Vodacom wins leave to appeal in Please Call Me case

By Jan Vermeulen for MyBroadband

Vodacom has won leave to appeal a High Court judgement in the Please Call Me case on the grounds that the judge may have applied a legal principle called the Bekker test incorrectly.

Judge Wendy Hughes granted Vodacom leave to appeal her earlier ruling in a 7-page judgement delivered yesterday.

Makate, who worked as Vodacom finance manager, pitched his idea of a method to “buzz” someone else’s phone without airtime to a superior on 21 November 2000.

His idea was ultimately developed into Please Call Me, which launched on the Vodacom network in January 2001.

Makate launched legal action against Vodacom in 2008 after sending letters to the network in 2007, claiming that he was promised compensation as the inventor of Please Call Me.

The matter made its way to the Constitutional Court, which ruled in 2016 that Makate was entitled to payment.

It ordered the parties to negotiate a fair deal. If they could not reach a good-faith agreement, Vodacom CEO Shameel Joosub had to determine an equitable amount.

Joosub offered Makate R47 million for the idea, which he rejected.

Makate launched a fresh legal challenge in the Pretoria High Court, obtaining a ruling in his favour in February 2022.

Judge Hughes gave Joosub 30 days to recalculate the compensation the company had offered to pay.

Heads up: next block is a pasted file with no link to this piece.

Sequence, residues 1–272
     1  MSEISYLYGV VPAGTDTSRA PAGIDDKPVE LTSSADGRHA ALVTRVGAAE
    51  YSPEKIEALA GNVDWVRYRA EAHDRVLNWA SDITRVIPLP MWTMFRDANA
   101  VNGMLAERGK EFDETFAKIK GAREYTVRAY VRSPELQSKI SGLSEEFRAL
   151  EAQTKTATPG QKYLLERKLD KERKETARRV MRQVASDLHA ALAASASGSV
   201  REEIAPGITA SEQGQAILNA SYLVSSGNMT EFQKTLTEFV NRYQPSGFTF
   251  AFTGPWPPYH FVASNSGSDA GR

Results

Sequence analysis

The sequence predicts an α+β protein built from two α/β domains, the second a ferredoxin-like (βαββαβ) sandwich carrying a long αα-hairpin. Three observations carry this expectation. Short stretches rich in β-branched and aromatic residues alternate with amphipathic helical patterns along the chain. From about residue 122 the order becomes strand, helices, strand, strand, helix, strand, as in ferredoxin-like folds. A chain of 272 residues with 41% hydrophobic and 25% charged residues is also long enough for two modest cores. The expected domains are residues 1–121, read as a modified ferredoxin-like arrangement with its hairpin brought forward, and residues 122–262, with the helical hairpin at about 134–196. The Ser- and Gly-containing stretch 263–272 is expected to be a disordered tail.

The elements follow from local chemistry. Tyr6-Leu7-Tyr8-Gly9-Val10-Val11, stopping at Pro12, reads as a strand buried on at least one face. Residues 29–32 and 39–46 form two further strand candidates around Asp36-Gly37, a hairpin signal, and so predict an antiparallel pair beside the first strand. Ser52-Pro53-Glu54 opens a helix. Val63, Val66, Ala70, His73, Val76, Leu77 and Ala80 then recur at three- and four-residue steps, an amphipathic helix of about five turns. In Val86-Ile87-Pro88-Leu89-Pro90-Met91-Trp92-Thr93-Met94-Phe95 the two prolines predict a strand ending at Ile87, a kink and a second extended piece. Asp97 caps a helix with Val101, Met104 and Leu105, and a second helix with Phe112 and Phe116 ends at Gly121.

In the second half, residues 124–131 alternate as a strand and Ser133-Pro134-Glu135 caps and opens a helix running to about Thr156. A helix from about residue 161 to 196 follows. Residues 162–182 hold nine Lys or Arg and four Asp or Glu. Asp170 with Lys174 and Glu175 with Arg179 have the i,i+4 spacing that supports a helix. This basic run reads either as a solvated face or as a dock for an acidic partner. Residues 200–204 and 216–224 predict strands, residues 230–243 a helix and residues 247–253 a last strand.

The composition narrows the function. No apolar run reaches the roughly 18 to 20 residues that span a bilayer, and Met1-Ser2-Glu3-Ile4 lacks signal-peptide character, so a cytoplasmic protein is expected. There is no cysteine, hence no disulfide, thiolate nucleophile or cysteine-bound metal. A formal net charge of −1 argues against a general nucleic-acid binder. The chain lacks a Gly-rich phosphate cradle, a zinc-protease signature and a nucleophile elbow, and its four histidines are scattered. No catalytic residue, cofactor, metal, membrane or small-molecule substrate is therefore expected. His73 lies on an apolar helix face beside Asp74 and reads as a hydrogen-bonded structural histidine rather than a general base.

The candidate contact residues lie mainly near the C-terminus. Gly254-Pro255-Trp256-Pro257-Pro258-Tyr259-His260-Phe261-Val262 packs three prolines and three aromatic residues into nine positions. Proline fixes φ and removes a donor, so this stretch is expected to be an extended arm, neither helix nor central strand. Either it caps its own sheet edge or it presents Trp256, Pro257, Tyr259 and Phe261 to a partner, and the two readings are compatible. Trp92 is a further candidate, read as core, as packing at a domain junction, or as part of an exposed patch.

In March, Vodacom applied for leave to appeal Hughes’ High Court judgement, which she has now granted.

In its application, Vodacom argued that Hughes did not correctly apply the Bekker test and that she did not consider whether Joosub’s R47-million offer to Makate was patently inequitable.

The Bekker test states: “an expert valuer’s determination can be reviewed if he or she did not exercise the judgment of a reasonable man and that such was exercised unreasonably, irregularly or wrongly so as to lead to a patently inequitable result.”

Hughes disputed that she did not consider whether Makate’s award was patently inequitable.

However, she said there was a valid question if the way in which she established the patently inequitable result in her judgement goes against the Bekker test, leading to uncertainty and confusion in the law.

“I am persuaded that a compelling reason exists to grant leave to appeal,” Hughes stated.


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